Bovada over/under win total: 9.5
Prediction: OVER
Projected record: 11-1

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(3). USC Trojans


Thor Nystrom’s fantasy targets:

Sam Darnold (No. 8 QB)

Ronald Jones (No. 13 RB)

Deontay Burnett (No. 25 WR)

Tyler Vaughns (No. 133 WR)

Michael Pittman (No. 153 WR)

Daniel Imatorbhebhe (No. 25 TE)

USC D (No. 12 D)


NFL Prospect to Watch: QB Sam Darnold (Rd. 1 grade, per Tony Pauline)


How should I think of this team?: Believe the hype.


Our expectations could not be higher for the Trojans this year. It’s a dangerous game to play with USC, which seems to consistently dangle a potentially killer team only to not quite get there. They almost collapsed before they had a chance to suck us all in last season, with the ill-fated Max Browne Era lasting all of three games before HC Clay Helton sensed the entire apparatus about to fall. Sam Darnold sparked a monster eight-game winning streak to close the season before the Trojans capped it off with their thrilling Rose Bowl win over Penn State.


Now we get to see just how well Darnold handles the brightest of spotlights. Heisman-National Championship-No. 1 overall pick is most definitely in play for him. Pairing with Darnold in the backfield is human-highlight-reel Ronald Jones, who will finally get the starting job all to himself with Justin Davis moving on to the Los Angeles Rams. There’s plenty behind Jones, too, in one of the deepest running back groups in the Pac-12. That brings us to the biggest concern on offense for Helton and company -- the receiving corp. And it’s a receiving corps which has already taken a pair of camp blows in injuries to WR Michael Pittman (ankle) and TE  Daniel Imatorbhebhe (hip). Pittman’s injury, in particular, is concerning.


When healthy, Pittman offers the sort of big downfield target that the team needs. As is, the Trojans will be trotting out wideouts Deontay Burnett, Steven Mitchell and Jalen Greene to start against Western Michigan in their opener -- three young men all best suited to play out of the slot. The losses of the more explosive JuJu Smith-Schuster and Darreus Rogers offer a potential crack in the armor which could be exploited by an experienced secondary if Pittman needs a lengthy recovery and a youngster like Tyler Vaughns or Joseph Lewis does not emerge.


The defense is without any such questions akin to that receiving group. To the contrary, they’re stacked with experienced playmakers regardless of where you look. They offer up a deep secondary which returns three of its top four playmakers from a year ago and a stacked linebacking corps led by Cameron Smith and Porter Gustin. There’s slightly more attrition on the defensive line -- departed NT Stevie Tu’ikolovatu has no immediate replacement -- but assuming they can find solutions on that front, they’re pretty much set. The Trojans ranked 20th in Bill Connelly’s defensive S&P+ last season and that was with a relatively inexperienced bunch. They’re better, now.


They’ll be battle-tested by October, as they host Stanford and Texas back-to-back in Week 2 and Week 3 (respectively). After that Longhorns contest, a road trip to South Bend to face Notre Dame on October 21 will be their toughest remaining test. Unlike Washington, whose schedule tightens up into November, the Trojans will be working with a final stretch of Arizona State, Arizona, Colorado and UCLA before a possible date with Washington in the conference title game. In a way, the Trojans and Huskies mirror each other in potential deficiencies. At USC, all eyes will be on the receivers, while at Washington, all eyes will be on the secondary. Whoever wins the Pac-12 Championship will be heading to the Playoff. Give us USC by the thinnest of margins.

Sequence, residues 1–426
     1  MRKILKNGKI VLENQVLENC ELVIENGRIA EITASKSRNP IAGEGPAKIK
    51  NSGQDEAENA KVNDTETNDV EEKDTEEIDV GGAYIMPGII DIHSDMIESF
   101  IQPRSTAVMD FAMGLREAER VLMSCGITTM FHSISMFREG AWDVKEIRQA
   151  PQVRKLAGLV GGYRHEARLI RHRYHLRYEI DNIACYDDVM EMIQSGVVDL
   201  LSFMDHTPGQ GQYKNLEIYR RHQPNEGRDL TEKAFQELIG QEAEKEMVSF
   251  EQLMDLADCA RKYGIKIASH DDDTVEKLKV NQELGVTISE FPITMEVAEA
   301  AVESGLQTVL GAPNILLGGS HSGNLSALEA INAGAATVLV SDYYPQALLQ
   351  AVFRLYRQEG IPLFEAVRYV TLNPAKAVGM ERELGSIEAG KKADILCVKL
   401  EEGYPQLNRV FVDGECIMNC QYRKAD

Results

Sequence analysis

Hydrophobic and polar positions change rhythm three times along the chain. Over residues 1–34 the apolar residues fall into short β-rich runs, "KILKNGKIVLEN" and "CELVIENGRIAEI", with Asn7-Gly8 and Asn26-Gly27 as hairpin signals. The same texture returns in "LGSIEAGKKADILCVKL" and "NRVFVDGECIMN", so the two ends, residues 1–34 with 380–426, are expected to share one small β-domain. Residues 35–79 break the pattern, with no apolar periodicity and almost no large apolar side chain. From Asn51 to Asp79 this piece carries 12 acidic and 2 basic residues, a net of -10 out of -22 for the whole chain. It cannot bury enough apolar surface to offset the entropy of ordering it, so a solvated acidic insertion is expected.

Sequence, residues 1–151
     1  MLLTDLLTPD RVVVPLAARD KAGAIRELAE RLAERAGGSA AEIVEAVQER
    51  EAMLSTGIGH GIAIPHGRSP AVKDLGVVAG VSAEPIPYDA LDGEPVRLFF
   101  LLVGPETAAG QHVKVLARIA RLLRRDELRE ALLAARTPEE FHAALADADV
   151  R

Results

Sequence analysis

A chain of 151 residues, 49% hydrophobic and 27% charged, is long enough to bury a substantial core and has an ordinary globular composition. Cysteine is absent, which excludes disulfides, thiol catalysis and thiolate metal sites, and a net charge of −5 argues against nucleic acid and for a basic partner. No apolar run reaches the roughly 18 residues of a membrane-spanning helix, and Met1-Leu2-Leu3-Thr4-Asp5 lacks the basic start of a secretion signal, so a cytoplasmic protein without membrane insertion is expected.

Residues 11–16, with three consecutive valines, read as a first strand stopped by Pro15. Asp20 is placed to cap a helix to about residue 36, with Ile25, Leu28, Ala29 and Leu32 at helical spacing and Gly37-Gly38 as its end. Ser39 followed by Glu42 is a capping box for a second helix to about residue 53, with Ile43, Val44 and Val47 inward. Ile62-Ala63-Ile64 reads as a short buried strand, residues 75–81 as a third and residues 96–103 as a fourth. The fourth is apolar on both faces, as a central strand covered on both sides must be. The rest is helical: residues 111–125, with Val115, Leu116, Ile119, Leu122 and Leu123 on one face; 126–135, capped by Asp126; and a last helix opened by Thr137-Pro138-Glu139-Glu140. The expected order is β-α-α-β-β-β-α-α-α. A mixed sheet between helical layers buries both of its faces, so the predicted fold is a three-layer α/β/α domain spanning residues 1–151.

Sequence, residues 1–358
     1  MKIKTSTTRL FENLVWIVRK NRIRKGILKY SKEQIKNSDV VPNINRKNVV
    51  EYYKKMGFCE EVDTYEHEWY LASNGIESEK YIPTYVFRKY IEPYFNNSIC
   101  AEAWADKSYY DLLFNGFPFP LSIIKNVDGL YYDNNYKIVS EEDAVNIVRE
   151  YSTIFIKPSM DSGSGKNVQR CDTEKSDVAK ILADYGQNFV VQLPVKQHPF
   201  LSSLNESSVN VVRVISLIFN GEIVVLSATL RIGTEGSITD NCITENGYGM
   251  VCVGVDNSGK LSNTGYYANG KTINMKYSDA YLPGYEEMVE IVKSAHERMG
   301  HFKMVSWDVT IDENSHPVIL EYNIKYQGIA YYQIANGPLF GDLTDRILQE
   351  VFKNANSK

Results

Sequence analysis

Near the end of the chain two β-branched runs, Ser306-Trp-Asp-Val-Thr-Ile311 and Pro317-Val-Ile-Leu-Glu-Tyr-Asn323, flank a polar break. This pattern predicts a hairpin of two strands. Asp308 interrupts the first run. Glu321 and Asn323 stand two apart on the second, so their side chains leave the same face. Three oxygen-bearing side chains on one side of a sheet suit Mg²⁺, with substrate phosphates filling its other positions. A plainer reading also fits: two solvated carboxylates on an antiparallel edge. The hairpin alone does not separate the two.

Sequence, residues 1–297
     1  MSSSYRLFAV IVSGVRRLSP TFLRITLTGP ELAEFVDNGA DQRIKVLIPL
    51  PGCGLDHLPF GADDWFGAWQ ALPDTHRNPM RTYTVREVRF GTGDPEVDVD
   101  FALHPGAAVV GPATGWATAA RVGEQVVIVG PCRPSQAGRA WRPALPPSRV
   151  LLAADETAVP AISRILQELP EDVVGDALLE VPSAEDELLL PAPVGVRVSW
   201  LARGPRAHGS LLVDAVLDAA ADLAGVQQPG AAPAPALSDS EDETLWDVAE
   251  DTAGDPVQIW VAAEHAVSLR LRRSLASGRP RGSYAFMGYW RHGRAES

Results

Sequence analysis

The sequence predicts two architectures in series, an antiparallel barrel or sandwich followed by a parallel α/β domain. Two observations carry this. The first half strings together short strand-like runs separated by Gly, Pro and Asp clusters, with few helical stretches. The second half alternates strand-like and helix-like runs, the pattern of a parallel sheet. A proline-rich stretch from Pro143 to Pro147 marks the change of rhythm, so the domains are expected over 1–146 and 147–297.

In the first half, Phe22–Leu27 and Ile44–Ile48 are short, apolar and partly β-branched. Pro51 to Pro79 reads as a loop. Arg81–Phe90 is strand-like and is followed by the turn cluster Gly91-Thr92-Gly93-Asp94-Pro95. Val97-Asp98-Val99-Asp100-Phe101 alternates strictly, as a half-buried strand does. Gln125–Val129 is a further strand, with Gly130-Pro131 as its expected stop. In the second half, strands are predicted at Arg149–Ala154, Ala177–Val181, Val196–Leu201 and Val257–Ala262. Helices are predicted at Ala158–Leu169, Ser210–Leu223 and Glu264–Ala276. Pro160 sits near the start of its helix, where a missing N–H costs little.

Bovada over/under win total: 9.5

Prediction: OVER

Projected record: 12-0   


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(2). Alabama Crimson Tide

Thor Nystrom’s fantasy targets:
Jalen Hurts (No. 10 QB)
Bo Scarbrough (No. 36 RB)
Calvin Ridley (No. 21 WR)
Alabama defense (No. 1 D)

NFL Draft Prospect to Watch: DB Minkah Fitzpatrick (Rd. 1 grade, per Charlie Campbell)

How should I think about this team?: Same old, same old.

Over the spring, we were one of the few outlets that didn’t rank Alabama No. 1. With the new season upon us, we’re sticking with Ohio State as our national title frontrunners, but that has more to do with the Buckeyes’ easier road to the Playoff than it does a true talent advantage.

Because let’s be honest: The Crimson Tide are once again college football’s most talented team. This version is quite similar to last year’s, with a few exceptions. New OC Brian Daboll was brought in to replace Lane Kiffin (now FAU’s HC) and Steve Sarkisian (who became the Atlanta Falcons’ OC after directing Bama’s offense in the 2017 title game).

Daboll is similar to Kiffin in that his play-calling is dictated by the talent on hand and exploiting defensive mismatches. Like Kiffin, he’ll make heavy use of quick-hitting horizontal passes to spread the defense out in order to pound the ball with his collection of elite running backs.

All of that should work swimmingly with this bunch. Like a star NBA point guard who thrives in the pick-and-roll, sophomore QB Jalen Hurts is a zone-read maestro. That talent plays up what is already a ludicrously stacked rushing attack. Over the winter, the Tide added Najee Harris, the nation’s No. 1 overall recruit, to future NFL backs Damien Harris, Bo Scarbrough and Joshua Jacobs.

Hurts loses TE O.J. Howard and WRs ArDarius Stewart and Gehrig Dieter, but his favorite toy Calvin Ridley is back. Alabama will compliment Ridley with a mix of graybeards—seniors Cam Sims and Robert Foster—and mega-stud freshmen; Jerry Jeudy, Devonta Smith, Henry Ruggs III and Tyrell Shavers were all top-12 WR signings in the 2017 class.